THE Fietas subway is a visual explosion of images: there are trams, Fat Harry, Dolly Rathebe, the Avalon Bioscope, children playing kennetjie and three tins, couples doing the lang arm, and residents going about their daily business.

The colourful murals, turning a drab walk into something spectacular, is an example for the other subways that have sprung up around Joburg near Rea Vaya bus stations, built so that pedestrians and passengers can safely cross the busy roads.

These subway projects have been spearheaded by the Johannesburg Development Agency (JDA), which commissioned the art in the Fietas subway. It was unveiled earlier this year.

Linking Fietas and its neighbouring Fordsburg under De la Ray Street on the western edge of the CBD, it captures images of life in Fietas and ensures that the unity and celebration once experienced in this previously vibrant area never dies.

About the subway’s origins, the JDA says: “Legend has it that sometime in the late 1800s, a truck laden with mining explosives accidentally blew up, causing a depression. This prompted the development of the subway, which linked Fordsburg and Fietas and generations of their peoples.”


For those who lived in Vrededorp and Pageview, the subway led to schools, clinics and bioscopes, restaurants, dance halls and places of work in Fordsburg. Similarly, for the people living in Fordsburg, the subway was the passage to mosques, churches, shebeens, sports at Queenspark grounds and shopping on De la Rey and 14th streets.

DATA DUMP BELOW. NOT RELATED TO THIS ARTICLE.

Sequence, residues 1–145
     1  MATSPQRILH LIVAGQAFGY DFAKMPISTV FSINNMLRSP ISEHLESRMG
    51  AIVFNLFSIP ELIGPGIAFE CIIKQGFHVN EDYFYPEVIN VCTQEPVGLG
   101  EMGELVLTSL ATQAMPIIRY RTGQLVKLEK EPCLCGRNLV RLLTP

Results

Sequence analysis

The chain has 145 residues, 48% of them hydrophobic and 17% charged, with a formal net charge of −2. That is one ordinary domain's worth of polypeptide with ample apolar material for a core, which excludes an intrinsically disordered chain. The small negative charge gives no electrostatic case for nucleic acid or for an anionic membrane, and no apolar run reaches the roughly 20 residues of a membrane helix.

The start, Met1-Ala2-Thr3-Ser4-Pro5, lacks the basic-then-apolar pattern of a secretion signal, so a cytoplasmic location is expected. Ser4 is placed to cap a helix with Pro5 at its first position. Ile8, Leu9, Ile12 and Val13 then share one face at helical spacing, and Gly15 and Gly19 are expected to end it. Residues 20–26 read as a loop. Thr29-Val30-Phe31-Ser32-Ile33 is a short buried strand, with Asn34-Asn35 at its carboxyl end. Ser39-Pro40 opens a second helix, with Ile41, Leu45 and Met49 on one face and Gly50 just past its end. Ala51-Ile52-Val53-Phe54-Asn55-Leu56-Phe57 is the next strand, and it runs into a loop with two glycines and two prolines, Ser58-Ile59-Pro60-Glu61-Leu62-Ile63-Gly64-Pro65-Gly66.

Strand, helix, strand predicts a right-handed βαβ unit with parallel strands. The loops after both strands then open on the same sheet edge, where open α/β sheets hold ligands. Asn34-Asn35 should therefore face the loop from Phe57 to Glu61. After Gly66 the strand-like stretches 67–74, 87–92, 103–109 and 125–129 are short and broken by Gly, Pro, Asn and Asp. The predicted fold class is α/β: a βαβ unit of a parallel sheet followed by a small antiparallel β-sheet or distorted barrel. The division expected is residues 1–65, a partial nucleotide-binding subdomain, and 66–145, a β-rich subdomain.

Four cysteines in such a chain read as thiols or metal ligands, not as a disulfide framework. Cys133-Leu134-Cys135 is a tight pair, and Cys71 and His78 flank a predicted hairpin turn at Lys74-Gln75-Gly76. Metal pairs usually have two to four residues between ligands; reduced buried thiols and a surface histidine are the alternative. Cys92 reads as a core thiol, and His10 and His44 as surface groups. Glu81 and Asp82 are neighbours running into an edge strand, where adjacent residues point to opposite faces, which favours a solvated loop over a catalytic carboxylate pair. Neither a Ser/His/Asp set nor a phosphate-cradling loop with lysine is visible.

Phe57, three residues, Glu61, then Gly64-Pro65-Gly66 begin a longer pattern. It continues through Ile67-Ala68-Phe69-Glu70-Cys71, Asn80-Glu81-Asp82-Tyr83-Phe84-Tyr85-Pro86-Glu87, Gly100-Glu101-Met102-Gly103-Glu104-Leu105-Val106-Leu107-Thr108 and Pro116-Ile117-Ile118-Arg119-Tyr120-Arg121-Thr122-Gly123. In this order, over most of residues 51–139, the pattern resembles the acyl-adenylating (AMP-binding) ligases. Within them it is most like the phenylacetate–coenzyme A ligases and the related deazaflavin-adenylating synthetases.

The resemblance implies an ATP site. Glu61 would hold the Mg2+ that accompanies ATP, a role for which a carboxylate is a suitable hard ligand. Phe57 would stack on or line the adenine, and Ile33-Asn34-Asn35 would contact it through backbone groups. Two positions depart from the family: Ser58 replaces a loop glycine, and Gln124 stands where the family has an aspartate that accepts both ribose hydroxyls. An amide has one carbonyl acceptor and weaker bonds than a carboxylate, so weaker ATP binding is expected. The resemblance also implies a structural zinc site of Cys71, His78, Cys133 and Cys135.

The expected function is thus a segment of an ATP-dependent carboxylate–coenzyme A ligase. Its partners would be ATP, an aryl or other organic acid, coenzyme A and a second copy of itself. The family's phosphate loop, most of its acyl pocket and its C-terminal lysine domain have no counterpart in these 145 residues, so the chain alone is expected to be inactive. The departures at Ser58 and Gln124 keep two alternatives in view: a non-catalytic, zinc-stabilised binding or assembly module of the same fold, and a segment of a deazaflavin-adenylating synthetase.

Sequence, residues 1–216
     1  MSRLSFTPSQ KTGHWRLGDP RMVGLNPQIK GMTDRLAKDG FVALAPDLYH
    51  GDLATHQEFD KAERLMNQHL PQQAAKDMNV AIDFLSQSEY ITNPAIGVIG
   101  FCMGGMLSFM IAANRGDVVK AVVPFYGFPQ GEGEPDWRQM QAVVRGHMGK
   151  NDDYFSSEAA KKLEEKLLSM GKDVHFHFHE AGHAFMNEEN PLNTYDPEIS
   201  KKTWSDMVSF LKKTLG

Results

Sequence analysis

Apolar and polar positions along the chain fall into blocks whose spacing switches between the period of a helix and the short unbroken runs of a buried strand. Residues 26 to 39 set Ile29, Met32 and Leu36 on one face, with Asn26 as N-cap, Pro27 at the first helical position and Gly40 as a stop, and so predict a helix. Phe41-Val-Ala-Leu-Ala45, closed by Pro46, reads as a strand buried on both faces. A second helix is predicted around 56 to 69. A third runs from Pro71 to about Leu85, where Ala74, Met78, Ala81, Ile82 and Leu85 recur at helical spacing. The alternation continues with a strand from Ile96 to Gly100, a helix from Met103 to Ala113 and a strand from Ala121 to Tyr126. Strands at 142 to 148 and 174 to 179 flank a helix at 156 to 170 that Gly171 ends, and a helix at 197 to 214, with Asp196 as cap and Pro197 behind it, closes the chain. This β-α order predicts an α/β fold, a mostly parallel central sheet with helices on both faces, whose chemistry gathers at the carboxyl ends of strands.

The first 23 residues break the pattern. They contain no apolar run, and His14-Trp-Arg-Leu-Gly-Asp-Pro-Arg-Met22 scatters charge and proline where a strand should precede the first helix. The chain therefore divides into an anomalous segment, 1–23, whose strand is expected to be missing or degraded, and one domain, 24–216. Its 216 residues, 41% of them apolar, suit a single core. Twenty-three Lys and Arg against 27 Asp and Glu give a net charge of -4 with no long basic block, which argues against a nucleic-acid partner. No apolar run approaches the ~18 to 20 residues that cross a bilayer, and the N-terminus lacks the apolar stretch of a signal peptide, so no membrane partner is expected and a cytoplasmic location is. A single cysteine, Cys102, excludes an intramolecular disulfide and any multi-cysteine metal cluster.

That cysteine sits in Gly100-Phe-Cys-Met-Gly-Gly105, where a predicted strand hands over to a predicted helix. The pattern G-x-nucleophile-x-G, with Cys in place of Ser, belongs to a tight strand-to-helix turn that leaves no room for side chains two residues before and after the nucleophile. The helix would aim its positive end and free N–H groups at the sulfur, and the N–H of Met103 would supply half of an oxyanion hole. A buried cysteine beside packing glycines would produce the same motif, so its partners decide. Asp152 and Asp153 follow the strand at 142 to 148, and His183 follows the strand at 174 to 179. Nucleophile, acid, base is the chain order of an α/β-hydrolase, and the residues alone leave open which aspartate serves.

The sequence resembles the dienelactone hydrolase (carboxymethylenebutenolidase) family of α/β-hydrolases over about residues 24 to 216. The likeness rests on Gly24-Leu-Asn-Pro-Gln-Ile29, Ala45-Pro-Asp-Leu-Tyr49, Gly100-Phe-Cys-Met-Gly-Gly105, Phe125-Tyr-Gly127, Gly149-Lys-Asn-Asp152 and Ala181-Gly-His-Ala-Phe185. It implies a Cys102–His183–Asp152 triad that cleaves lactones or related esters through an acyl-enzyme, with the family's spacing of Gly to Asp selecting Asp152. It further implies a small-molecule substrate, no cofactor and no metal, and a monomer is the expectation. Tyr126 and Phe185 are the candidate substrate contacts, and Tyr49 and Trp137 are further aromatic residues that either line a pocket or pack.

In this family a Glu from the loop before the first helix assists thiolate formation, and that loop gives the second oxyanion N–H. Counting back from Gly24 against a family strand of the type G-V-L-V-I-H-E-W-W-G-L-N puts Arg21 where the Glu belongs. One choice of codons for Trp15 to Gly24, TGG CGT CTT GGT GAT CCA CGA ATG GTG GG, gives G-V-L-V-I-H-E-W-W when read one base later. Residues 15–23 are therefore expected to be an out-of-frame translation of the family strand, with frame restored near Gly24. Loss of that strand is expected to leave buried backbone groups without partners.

Children walked through the subway holding hands with their mothers. It was a space that passaged lives within its frame, telling stories of pranks, fights, fears, rivalry, spirits and romance, the JDA adds.

Painting the mural has been a long process. In 2003, during the Fietas Festival, graphic artist Reg Pakari led a team of young people, the children of Fietas and Fordsburg forebears, in painting a large mural on one of the walls of the subway. “This was a brave initiative under conditions of scant resources. It was time for the subway to begin to speak, releasing its store of memory,” notes the JDA.


Then, the Trinity Session consortium and 26’10 South Architects, in consultation with a former resident, Feizel Mamdoo, were awarded the tender to transform Pageview, Vrededorp and Fordsburg using art, as part of the JDA’s upgrading projects.